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Everything posted by thehowler

  1. No, I read it but discounted it. Population density might explain higher expenditure - though the even higher NI figure runs contrary to this argument - but if so that won't be changing and the SNP will have to carry on paying it. Perhaps fairer to say geography makes it harder for the SNP to be thrifty.
  2. Looks like Biden is sticking with the localist, protectionist agenda...America first. So much for all the hot air around a trade deal hanging on the Ireland situation. All those wasted words. But in which stormproof port will old Albion park her plucky frigate? For ref only to discussion... Biden told the New York Times: “I want to make sure we’re going to fight like hell by investing in America first.” He named energy, biotech, advanced materials and artificial intelligence as areas ripe for large-scale government investment in research. The remarks underline the
  3. Per head it looks like Scotland is quite a bit more generous than England... from BBC, ref only... Last year, Northern Ireland spent the most per head, at £11,590, followed by: Scotland at £11,247 Wales at £10,656 England at £9,296 For the whole of the UK, spending per head was £9,584. https://www.bbc.co.uk/news/uk-northern-ireland-38077948
  4. Do you not think they'll have to yoke themselves into a currency union? Imagine BoE will then insist they pay their share of ongoing interest on the historic debt, at least. If they go it alone with sterling they lose BoE as lender of last resort. And the SNP are not thrifty.
  5. The First Minister. SCOTLAND WOULD BE able to rejoin the European Union relatively quickly if it were independent, Scottish First Minister Nicola Sturgeon has said. The Scottish National Party (SNP) leader said that Scotland would be “seeking a way back in” to the EU if Brexit goes ahead. https://www.thejournal.ie/independent-scotland-nicola-sturgeon-rejoining-eu-4906104-Nov2019/
  6. Their exports to EU are only about 20%, their GDP is tiny, their deficit is huge. Oil would be contested (as would fishing) and is declining. They'd want the Common Travel Area to continue (I imagine) which might be tricky for the EU, given the border and huge volume of trade with England. They'd be expected to take the Euro and Sturgeon is on record saying she wouldn't want to give up the pound. Maybe they'd try the Norway route?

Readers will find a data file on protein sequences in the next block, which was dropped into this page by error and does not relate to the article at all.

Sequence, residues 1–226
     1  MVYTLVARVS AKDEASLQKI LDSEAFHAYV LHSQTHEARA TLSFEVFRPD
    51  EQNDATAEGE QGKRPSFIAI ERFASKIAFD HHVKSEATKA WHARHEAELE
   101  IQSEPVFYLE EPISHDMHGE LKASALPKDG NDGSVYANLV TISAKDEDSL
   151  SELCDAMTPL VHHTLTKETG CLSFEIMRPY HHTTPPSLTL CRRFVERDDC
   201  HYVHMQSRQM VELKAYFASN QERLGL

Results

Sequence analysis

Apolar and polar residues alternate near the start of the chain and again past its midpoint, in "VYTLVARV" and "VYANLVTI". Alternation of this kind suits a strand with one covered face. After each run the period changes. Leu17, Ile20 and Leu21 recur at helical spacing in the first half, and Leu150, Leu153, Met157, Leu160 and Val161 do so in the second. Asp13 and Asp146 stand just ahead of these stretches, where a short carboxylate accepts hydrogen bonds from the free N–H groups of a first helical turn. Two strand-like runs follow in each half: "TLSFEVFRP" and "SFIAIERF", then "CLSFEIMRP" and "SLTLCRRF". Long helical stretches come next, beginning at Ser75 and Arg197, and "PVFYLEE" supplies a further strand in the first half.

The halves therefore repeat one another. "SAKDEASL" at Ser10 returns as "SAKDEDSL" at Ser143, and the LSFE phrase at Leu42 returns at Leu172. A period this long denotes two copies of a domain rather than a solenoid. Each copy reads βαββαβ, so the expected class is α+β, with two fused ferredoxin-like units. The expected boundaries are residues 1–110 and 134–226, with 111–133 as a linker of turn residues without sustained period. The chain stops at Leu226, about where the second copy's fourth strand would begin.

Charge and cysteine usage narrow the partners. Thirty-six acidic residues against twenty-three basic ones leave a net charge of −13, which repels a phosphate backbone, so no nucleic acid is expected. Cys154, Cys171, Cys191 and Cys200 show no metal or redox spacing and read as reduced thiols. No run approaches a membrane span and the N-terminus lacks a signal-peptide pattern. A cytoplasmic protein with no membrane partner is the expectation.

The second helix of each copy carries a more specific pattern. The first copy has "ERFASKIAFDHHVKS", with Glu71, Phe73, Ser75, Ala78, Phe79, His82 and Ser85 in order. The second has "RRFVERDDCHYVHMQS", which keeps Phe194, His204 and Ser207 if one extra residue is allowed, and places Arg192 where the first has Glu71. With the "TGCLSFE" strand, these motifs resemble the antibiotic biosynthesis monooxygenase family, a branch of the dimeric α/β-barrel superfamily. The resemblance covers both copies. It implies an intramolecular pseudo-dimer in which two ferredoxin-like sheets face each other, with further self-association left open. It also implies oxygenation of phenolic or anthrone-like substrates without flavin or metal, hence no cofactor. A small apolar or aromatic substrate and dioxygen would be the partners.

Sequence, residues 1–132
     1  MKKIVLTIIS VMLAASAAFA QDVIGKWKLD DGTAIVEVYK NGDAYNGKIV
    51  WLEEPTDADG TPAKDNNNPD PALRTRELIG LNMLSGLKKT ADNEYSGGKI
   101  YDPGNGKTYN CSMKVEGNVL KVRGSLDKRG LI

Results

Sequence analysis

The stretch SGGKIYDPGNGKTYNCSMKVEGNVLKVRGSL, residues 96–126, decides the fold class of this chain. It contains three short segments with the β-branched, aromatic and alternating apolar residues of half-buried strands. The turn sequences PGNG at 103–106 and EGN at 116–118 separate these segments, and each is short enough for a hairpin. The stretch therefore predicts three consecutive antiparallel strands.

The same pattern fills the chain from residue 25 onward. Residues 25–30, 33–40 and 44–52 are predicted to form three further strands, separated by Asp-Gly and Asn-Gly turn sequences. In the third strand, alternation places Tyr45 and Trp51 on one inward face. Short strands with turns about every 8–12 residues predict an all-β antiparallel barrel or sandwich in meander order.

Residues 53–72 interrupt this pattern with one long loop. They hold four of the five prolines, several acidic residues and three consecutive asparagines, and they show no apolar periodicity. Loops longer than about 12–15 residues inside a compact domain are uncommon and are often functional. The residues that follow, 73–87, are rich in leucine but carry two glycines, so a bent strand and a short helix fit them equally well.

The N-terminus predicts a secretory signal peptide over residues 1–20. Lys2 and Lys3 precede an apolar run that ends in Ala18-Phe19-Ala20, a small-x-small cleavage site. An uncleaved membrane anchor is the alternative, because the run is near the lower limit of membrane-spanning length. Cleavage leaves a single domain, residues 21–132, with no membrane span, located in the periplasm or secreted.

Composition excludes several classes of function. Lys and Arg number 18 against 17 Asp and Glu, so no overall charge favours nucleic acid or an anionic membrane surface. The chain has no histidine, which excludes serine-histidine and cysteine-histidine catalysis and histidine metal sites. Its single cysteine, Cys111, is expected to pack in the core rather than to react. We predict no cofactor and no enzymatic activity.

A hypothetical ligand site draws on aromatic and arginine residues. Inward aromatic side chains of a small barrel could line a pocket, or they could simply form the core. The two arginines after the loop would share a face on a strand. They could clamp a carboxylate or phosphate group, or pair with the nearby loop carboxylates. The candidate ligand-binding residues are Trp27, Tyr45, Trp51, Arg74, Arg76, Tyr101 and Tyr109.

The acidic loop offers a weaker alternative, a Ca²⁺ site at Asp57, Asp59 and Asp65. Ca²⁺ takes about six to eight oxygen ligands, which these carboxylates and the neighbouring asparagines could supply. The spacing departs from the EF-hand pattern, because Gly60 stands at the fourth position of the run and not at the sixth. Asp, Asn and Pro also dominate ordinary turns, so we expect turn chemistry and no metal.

7. MEP caught hanging from window story coming out of BXL is a chortle...an opponent of gay rights according to briefings...
  8. If the Protocol works then NI should benefit from SM membership and any UK deals, Wales voted to leave and Scotland would be looking at a hard border, currency strife and ten years at least before their budget was close to EU requirements for membership. Reports of the UK's demise are in my view overstated. Leonard said his questions about spending were “reasonable and rational” since the annual government expenditure and revenue Scotland report (Gers) found Scotland’s fiscal deficit last year was 8.6% of GDP, up from 7.4% last year. https://www.theguardian.com/uk-news/2020/aug/
  9. I'm not expecting Brexit cake - more like Brexit gruel - and I don't know who's responsible for the inadequacies of the JC, or if the JC has been let down by one/both sides, but it's clear the NI Protocol isn't ready for the people of NI.
  10. Finance Bill whispered to be coming next week, will likely contain more contentious clauses, might not be great timing for the ongoing talks. And it's a money bill, House of Lords can't block it. Still no word from NI Joint Commission on which goods will be tariff free - "risk free" - GB-NI. UK negotiators feel this delay (and others around 3rd country listing) is the EU using leverage and the Finance Bill will give UK unilateral right to determine risk free goods from end of transition. Yes, Belfast, you will get your M&S bangers. Breaks the terms of the WA/NI Protocol. UK logic
  11. In my view they don't think the nascent EU model on consumer data protection is the best route to maximise profits.